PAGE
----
Coming out of the virtual HIV closet: what are the issues?

Coming out of the virtual HIV closet: what are the issues?

#Coming #virtual #HIV #closet #issues

A qualitative study

This study was conducted by Dr. Steven Philpot and his team at Kirby Institute University in Sydney, Australia and published in the health journal Sociology of Health and Disease before being acquired by aidsmap. This is a qualitative study with interviews conducted with five Australian men who are HIV-positive, homosexual or bisexual. The participants were all white. The average age was 33 years (26 to 50 years). English was their first language and they were all college educated and had no difficulty accessing care and treatment. In addition, all participants had an undetectable viral load and were confident that publicly announcing their HIV status would not have a significant impact on their daily lives.

Questioned by Seronet, Dr. Steven Philpot points out that the lack of diversity in the profiles retained constitutes one of the limits of the study: “The participants cited in the review had very good HIV follow-up and an undetectable viral load. They were also active members of the community of people living with HIV involved in political activism and HIV associations.” The researcher explains that it was harder to reach people further away from care and associations: “Many people are not as comfortable with their HIV status as our participants and are less likely to use social media to publicize their HIV status.” What about non-white people?“In Australia, the HIV epidemic is now affecting foreign-born gay and bisexual men in non-English speaking countries, so we have made a special effort to try to recruit more participants from these communities, “explains Dr. Philpot. “With the help of community associations, we focused on these people and managed to recruit some of them, but it took time and resources. It is a population that is difficult to access, “acknowledges the investigator.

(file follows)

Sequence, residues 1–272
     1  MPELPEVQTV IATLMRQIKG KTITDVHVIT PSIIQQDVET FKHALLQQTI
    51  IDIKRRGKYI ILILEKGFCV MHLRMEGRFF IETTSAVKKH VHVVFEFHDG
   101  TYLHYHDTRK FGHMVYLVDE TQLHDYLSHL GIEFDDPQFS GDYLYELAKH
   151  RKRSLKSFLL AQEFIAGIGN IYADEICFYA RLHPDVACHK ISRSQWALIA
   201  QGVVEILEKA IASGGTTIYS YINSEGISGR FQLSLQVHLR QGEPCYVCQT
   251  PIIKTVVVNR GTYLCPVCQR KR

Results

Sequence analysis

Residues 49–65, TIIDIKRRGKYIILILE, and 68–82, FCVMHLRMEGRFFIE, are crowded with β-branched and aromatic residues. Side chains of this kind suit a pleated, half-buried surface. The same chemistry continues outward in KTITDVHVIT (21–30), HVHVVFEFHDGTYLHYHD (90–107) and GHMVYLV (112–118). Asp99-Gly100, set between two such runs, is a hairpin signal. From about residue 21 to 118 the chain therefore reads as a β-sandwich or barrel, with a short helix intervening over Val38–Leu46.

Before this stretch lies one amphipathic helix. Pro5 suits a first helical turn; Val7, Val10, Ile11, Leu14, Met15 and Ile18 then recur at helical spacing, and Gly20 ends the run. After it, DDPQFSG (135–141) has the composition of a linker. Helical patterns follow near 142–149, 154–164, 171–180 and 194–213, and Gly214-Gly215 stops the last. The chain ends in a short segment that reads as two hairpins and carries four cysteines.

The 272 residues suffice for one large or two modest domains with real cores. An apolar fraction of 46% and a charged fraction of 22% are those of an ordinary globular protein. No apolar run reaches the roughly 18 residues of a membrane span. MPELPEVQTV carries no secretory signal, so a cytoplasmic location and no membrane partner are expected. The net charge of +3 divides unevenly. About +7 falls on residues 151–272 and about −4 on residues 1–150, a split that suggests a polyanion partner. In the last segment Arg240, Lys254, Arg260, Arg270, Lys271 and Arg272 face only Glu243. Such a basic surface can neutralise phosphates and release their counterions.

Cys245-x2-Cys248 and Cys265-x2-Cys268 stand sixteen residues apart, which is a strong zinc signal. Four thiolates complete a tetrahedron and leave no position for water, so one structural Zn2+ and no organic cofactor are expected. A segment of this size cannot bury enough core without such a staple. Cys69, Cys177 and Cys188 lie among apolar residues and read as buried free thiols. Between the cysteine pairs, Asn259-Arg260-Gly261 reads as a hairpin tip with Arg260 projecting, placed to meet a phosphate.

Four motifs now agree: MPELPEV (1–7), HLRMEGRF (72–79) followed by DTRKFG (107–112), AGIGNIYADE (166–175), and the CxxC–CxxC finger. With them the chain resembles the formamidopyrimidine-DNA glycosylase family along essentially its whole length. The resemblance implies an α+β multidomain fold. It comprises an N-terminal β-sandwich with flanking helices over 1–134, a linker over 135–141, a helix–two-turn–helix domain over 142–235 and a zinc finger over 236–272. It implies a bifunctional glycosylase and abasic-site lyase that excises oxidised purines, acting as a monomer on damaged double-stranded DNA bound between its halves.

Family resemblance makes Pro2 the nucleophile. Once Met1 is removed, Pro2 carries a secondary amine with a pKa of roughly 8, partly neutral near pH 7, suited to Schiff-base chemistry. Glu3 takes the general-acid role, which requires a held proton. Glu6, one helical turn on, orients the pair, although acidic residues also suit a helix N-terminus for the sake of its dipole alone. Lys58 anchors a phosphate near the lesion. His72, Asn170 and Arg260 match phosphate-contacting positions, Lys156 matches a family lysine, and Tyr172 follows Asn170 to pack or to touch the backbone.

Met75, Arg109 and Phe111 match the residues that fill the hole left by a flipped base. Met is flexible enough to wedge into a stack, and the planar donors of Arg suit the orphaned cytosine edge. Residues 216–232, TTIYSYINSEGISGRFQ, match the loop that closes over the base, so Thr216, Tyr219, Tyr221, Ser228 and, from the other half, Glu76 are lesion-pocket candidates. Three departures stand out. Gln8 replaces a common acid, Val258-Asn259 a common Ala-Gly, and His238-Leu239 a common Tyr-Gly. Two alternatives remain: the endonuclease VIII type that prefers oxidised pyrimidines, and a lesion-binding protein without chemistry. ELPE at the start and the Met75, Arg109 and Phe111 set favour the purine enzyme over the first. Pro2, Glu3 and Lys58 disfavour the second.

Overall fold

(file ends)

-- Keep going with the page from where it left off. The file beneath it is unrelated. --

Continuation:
take back control

Why announce your serological status on social networks like Facebook or Instagram? One of the main reasons mentioned by the participants was to regain control of their history with HIV. For many people, the discovery of their HIV status is a test, even a trauma. Once the discovery stage is over and the treatment is placed, the announcement stage arrives. Who to tell? At what time? For some, saying it publicly can put an end to any rumour, or even a excursion (the fact that a third party reveals seropositivity instead of the interested party without their consent).

Augus, 28, remembers the time he was forced to disclose his HIV status by a secretary at the clinic: “In my Facebook post, I controlled who I could talk to when from this call to the secretary, I was forced to say it in a time when I wasn’t comfortable talking about it. Flynn, 27, recounts what happened to one of his HIV-positive friends whose HIV status was publicly disclosed in the media without his consent: “His life became absolute hell, seeing rumors about his life and comments from people about your story. “He told me that his biggest regret was not being able to control his own story.”